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Vikings respond to community needs

Dear Campus Community,

As a campus that has received national recognition for our commitment to community engagement, I want to update you on our efforts to support the surrounding community during the COVID-19 pandemic. As we all work to ensure the safety of our faculty, staff and students, many have also eagerly worked to contribute to those around us.

In recent weeks, Elisa Castillo, assistant dean of students for wellness, has led Salem State’s academic, facilities and health services departments in pooling together their Personal Protective Equipment (PPE) resources for external donation. This resulted in gathering nearly 34,000 gloves, over 1,100 gowns, 920 medical masks, 139 procedure masks with visors, 80 N95 face masks, 45 nasal cannula, 29 nasopharyngeal swab sets, and 300 shoe covers for distribution to medical institutions and local nonprofits that serve others in the region.

SSU Police Chief Gene Labonte is overseeing the distribution, working closely with Salem Fire Chief John “Gerry” Giunta and the Massachusetts Emergency Management Agency (MEMA). We are hopeful that the significant amount of PPE we have collected will be beneficial to mitigating the impact of this virus. We are also working as quickly and safely as possible to empty some of our residential buildings for external use. We have already offered the O’Keefe Complex for potential use. The university has been in regular contact with Mayor Kimberley Driscoll’s office and the North Shore Medical Center (NSMC) about current and potential needs.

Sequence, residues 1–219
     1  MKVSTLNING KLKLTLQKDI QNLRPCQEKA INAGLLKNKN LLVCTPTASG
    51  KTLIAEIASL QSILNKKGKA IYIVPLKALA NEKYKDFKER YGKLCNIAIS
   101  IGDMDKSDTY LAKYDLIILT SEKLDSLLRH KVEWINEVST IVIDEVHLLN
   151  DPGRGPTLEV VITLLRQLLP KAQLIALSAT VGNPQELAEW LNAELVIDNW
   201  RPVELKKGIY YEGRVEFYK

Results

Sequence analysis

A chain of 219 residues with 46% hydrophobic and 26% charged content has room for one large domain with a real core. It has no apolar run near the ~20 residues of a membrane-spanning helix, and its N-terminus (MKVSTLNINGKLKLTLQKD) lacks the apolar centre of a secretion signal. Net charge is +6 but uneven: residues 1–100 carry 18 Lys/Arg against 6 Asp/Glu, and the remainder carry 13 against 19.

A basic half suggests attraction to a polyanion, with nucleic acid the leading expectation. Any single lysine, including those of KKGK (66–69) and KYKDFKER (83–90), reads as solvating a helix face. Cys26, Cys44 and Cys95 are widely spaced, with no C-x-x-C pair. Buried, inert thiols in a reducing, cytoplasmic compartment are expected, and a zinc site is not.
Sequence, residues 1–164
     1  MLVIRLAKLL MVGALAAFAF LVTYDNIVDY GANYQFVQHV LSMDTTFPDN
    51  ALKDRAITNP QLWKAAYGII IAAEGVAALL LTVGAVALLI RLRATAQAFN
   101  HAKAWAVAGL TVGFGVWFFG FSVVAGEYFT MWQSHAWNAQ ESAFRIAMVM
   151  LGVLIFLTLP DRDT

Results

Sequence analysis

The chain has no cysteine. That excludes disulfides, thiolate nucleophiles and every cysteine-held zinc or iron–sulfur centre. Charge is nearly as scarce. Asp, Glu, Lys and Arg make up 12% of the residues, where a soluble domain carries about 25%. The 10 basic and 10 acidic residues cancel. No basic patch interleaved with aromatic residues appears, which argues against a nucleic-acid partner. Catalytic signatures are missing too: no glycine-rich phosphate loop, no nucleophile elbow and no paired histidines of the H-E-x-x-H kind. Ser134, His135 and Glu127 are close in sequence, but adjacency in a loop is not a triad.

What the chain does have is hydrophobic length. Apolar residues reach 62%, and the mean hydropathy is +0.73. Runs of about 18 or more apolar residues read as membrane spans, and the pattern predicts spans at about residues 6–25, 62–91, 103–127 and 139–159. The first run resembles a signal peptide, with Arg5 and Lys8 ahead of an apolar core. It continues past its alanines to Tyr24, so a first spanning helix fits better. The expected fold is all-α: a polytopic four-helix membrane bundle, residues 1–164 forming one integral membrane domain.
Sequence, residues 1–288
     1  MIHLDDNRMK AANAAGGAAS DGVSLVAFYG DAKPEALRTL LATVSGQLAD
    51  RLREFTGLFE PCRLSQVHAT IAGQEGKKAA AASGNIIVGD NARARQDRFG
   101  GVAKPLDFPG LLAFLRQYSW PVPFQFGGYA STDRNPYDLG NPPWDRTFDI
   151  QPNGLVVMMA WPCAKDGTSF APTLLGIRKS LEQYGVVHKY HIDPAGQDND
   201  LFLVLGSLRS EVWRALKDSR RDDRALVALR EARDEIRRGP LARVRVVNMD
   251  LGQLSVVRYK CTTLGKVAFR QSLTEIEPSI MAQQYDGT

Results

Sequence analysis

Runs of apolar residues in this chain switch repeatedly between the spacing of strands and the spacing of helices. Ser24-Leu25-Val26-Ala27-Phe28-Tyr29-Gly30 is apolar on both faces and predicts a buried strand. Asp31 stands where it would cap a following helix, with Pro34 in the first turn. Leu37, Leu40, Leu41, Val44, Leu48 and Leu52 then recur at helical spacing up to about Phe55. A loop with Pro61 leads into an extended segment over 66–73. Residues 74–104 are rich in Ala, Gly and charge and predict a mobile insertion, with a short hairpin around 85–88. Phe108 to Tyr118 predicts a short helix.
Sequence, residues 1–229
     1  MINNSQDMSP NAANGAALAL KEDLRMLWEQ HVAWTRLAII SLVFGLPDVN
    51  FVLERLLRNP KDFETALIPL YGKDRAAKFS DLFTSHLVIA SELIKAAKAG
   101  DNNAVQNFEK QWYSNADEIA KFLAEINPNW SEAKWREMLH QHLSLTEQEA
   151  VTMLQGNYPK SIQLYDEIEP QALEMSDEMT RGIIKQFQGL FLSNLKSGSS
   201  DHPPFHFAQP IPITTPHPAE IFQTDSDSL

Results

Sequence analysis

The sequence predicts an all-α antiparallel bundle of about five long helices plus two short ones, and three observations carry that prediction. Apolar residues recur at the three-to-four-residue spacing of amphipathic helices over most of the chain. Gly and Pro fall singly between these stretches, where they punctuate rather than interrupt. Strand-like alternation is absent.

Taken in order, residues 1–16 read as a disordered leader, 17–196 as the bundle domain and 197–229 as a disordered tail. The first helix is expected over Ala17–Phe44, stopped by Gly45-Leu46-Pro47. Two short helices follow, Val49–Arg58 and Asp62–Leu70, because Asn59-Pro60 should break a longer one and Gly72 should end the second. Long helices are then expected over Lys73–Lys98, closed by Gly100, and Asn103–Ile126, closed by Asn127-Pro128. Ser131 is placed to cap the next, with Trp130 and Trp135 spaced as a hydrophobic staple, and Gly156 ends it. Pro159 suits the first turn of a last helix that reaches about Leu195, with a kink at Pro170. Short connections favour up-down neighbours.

Salem State and NSMC have a longstanding partnership and have worked together in a variety of ways for many decades. NSMC employs many Salem State alumni, hosts many of our students for practicums and internships, and partners with the university on a Nuclear Medicine Technology Concentration through Salem State’s biology department.

Salem State University is a committed partner in this effort and will do whatever we can to help the city of Salem and NSMC to mitigate the spread of the virus. We are doing our best to assess our resources, so we can be prepared to respond to the ever-changing needs of our community throughout this crisis. Our Center for Civic Engagement has also reached out to many of the region’s nonprofit organizations that serve community members to determine how we can be of service.

We are grateful to those in our community – health care professionals, first responders, caretakers, and more, many of whom we are proud to call our alumni – whose tireless efforts are critical during this pandemic.

In this time of an unprecedented public health crisis, we continue to band together to maintain the health of our greater community. Thank you to everyone on our campus who has mobilized quickly and with great purpose to respond to this need. As I have said before, these challenging times remind me why I am so proud to be a Viking.

John D. Keenan


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